A man who spent two agonising years on the donor register before undergoing a major lifesaving double lung transplant is during people to have a “difficult talk” with their families this week, which is National Transplant Week.
Oli Lewington, 32, of Wellingborough, was born with cystic fibrosis and said he grew up with a very acute sense of his own mortality.
The condition affects the lungs and digestive system which become clogged with thick sticky mucus, resulting in chronic infections and inflamation.
When other teenagers and schoolfriends were planning to go to university, Oli said he knew there was no point – he would never be able to keep himself healthy enough to complete a degree and the additional strain would probably lead to his death.
Oli’s life was saved by a complete stranger when he was 25-years-old, someone who he says he both wants to know more about and at the same time wants to know nothing about.
That person’s death allowed Oli to receive two completely healthy lungs after spending two years on the donor register.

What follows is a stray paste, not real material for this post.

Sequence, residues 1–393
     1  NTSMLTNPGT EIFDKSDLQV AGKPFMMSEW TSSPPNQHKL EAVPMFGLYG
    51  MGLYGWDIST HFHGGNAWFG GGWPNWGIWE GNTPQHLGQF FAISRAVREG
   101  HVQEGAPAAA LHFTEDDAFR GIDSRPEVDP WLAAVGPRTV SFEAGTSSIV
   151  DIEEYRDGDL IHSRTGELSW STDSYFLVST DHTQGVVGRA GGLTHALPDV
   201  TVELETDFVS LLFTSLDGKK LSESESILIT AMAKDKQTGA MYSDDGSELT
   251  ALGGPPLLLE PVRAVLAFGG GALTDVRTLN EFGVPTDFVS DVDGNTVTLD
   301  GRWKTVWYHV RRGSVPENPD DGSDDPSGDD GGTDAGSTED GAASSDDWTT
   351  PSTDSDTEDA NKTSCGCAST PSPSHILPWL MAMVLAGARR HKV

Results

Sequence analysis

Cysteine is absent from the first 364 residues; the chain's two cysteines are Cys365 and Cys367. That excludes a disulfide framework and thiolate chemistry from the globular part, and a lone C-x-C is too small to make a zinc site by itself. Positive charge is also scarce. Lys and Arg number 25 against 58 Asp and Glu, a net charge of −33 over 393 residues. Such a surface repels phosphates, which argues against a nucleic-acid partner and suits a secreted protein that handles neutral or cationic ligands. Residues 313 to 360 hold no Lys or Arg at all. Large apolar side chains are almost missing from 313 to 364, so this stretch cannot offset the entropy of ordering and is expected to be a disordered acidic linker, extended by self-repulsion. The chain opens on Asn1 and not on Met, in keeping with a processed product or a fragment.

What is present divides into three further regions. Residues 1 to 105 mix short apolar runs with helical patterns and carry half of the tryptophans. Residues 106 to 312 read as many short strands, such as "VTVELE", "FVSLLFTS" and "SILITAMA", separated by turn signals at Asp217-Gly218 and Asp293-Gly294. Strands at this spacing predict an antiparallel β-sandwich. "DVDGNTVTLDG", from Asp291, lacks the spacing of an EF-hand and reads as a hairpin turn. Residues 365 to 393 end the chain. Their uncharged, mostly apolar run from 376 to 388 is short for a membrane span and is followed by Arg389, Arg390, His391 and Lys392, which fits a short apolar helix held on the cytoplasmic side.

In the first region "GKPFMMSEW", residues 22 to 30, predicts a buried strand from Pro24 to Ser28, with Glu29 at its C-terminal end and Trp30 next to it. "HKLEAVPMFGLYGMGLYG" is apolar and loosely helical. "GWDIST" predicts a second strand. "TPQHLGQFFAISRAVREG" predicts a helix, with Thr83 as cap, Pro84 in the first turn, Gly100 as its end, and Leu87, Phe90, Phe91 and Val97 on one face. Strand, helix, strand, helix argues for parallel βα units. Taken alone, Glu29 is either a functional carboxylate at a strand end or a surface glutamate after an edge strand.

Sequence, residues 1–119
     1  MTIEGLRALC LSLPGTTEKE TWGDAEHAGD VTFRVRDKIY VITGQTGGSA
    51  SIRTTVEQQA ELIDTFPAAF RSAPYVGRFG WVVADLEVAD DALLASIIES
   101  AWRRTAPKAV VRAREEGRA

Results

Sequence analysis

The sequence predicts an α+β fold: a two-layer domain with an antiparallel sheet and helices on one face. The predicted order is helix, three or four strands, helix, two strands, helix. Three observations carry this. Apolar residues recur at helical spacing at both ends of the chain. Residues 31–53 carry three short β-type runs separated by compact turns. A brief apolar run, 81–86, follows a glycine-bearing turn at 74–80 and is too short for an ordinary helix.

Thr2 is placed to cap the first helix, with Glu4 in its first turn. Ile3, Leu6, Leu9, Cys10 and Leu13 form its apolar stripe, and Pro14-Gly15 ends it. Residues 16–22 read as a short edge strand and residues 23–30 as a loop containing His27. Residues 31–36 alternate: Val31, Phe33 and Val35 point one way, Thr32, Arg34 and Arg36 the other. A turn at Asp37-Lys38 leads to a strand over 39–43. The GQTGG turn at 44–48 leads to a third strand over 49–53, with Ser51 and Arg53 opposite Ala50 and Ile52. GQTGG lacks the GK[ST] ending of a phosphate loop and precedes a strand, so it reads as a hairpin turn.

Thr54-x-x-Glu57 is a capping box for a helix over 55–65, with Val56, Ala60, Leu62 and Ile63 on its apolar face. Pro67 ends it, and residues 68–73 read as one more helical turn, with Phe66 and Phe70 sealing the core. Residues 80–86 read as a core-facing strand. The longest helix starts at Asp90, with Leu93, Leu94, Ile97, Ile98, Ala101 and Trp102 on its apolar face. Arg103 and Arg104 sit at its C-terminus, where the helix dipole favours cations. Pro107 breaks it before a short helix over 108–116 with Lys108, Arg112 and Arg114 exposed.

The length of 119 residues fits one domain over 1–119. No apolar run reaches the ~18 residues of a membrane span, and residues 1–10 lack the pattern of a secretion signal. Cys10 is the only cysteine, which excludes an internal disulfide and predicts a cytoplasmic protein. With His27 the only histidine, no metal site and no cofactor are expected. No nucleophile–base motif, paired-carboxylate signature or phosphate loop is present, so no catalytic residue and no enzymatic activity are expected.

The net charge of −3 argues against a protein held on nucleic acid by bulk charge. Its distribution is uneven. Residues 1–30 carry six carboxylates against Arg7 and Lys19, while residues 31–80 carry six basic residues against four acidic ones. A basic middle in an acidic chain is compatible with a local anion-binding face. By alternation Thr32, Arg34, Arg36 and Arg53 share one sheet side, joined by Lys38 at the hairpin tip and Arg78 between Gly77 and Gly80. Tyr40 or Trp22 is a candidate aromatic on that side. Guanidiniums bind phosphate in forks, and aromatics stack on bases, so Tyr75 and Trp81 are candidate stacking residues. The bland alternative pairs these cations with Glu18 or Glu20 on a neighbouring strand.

Oli said: “I was weeks away from death. I was on the list for two-and-a-half years and you only go on there if your life expectancy is two years, so I had already stretched the limit.
“I know the age and sex of the person whose lungs I received, and I have sent their family Christmas cards and so on, but I have never heard anything back. That’s their decision and I respect it.”
Oli, now much healthier and married to wife Kati, is helping to promote National Transplant Week and urging people to speak to their family and friends about what they would like to happen to their organs after they die.
He said: “Carrying a donor card is important, but it’s also important that you have a discussion with your family.
“I would not want to give away the organs of a family member if I did not know what their wishes would have been.
“So I would urge people to have that difficult conversation this week, so that your family know what your wishes would be.”
Oli kept a blog during his time on the organ donation register. The blog can be found at www.smilethroughit.com.
Hospital’s bid to raise awareness
Kettering General Hospital’s Organ Donation Lead Doctor, Dr Jan Szafranski, says the hospital is doing its bit to increase awareness of organ donation.
He added: “Regionally, there has been an increase of 150 per cent in the number of people on the register.
“The number of donations from Kettering Hospital patients has increased from about three per year in 2010 to more than 12 per year now.”